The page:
These headline stories have played alongside news of 236 murders in the city of Chicago since the first of the year, 75 percent of which are black victims and almost all of these are black-on-black crime. Unemployment statistics released yesterday by the government show that 12.6 percent of black Americans were unemployed, and while that is down from a high of 16.5 percent two years ago, the current unemployment rate for African-Americans is higher than the unemployment rate of 7.4 percent for the overall population. Of great concern is the unemployment rate for black teens which stands at 41.6 percent.
All of these current race related stories sit against the backdrop of an important milestone in the history of civil rights. This month, on August 28, the country marks the fiftieth anniversary of the March on Washington for Jobs and Freedom. William P. Jones, a professor of history at the University of Wisconsin, has written a book that looks back at the roots of that day and the seeds that it planted.
[The March on Washington: Jobs, Freedom, and the Forgotten History of Civil Rights. William P. Jones. July 29, 2013; W.W. Norton and Co., pages 320; $20.21/Kindle $12.99]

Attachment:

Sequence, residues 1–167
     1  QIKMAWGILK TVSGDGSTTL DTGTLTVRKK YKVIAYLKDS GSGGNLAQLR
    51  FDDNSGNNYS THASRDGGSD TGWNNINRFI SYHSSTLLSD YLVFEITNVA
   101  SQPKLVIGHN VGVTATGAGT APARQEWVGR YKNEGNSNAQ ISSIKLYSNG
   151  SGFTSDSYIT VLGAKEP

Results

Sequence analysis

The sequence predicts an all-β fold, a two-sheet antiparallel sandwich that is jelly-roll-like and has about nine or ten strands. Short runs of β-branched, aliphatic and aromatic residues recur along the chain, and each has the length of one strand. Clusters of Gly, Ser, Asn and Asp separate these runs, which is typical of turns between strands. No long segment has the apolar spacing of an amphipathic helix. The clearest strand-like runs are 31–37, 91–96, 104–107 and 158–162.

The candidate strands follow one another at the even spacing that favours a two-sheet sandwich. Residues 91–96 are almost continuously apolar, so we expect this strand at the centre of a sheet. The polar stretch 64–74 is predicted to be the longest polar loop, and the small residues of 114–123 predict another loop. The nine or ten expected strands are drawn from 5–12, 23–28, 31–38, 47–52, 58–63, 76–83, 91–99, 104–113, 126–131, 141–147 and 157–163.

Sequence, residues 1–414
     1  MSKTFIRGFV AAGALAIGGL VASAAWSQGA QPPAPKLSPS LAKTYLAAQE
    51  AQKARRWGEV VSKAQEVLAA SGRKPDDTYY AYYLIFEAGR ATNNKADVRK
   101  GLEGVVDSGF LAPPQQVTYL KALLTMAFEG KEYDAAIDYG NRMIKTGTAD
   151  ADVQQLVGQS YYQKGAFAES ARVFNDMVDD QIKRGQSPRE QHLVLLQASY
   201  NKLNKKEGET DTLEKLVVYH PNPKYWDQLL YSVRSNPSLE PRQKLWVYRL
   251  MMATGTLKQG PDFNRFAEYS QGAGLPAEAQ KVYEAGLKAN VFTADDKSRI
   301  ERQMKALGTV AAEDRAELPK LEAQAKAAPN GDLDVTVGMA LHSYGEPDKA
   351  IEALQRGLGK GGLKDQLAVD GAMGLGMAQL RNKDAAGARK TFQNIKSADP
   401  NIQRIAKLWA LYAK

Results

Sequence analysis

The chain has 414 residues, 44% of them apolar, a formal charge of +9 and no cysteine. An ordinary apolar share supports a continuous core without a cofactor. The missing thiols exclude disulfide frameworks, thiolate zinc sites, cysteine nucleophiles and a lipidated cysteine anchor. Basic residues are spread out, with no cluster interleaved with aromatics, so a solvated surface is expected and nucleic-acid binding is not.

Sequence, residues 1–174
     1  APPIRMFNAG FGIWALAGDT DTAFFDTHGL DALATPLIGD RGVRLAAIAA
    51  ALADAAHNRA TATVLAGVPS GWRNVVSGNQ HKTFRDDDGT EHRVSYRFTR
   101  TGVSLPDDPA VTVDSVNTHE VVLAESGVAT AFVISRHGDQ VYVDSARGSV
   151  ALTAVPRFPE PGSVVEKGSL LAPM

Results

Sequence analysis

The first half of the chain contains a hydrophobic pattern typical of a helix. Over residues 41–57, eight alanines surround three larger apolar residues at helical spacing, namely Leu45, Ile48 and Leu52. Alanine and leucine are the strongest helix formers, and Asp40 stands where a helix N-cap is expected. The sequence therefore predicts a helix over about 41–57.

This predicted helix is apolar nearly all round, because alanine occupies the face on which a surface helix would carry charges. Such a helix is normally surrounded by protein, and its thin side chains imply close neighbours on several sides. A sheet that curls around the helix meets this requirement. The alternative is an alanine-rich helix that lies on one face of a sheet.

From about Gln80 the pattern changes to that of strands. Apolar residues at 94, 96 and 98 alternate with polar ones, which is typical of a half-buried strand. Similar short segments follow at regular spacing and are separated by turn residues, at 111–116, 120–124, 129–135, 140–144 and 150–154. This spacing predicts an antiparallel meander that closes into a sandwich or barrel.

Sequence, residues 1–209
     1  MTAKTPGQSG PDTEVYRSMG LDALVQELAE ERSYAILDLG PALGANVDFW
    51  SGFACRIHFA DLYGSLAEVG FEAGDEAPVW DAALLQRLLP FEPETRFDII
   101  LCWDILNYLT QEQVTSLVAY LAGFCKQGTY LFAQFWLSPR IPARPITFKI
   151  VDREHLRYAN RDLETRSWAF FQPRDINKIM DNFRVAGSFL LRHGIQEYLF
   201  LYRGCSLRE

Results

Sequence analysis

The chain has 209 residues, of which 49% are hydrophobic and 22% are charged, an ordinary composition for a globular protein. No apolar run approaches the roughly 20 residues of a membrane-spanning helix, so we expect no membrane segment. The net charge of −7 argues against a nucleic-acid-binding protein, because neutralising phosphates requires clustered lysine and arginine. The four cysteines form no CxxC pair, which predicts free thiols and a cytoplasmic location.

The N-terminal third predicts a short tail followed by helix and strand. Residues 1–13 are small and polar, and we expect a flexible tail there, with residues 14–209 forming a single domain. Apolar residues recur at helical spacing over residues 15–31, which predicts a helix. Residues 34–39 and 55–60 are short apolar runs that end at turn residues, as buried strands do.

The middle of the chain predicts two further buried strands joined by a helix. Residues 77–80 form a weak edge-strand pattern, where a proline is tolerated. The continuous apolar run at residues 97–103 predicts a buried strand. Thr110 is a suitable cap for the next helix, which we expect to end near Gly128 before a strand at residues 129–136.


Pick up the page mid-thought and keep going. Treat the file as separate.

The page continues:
Jones traces the origins of the march to trade unionist A. Philip Randolph who, back in 1941, called for equal opportunities in employment and in the armed services for African-Americans. Randolph had organized the Brotherhood of Sleeping Car Porters and Maids in 1925. When the Great Depression hit in 1929, the number of unemployed went from 500,000 to more than four million in less than two months. In many places, particularly in the Jim Crow South, what jobs there were went to white men before black men. Throughout the Depression years and into World War II, Randolph worked with other labor organizers and civil rights leaders to promote employment opportunities for blacks. In his work he collaborated with Socialists and Communists to stage demonstrations and to lobby members of Congress. Jones details how in 1940, 100,000 Americans had jobs in aircraft plants, but only 300 of these jobs were held by blacks. Of 100,000 officers in the Army Reserves, only 500 were black. Throughout the war, the services were segregated according to color. Randolph rebuked AFL unions for shutting black workers out of employment opportunities in defense jobs.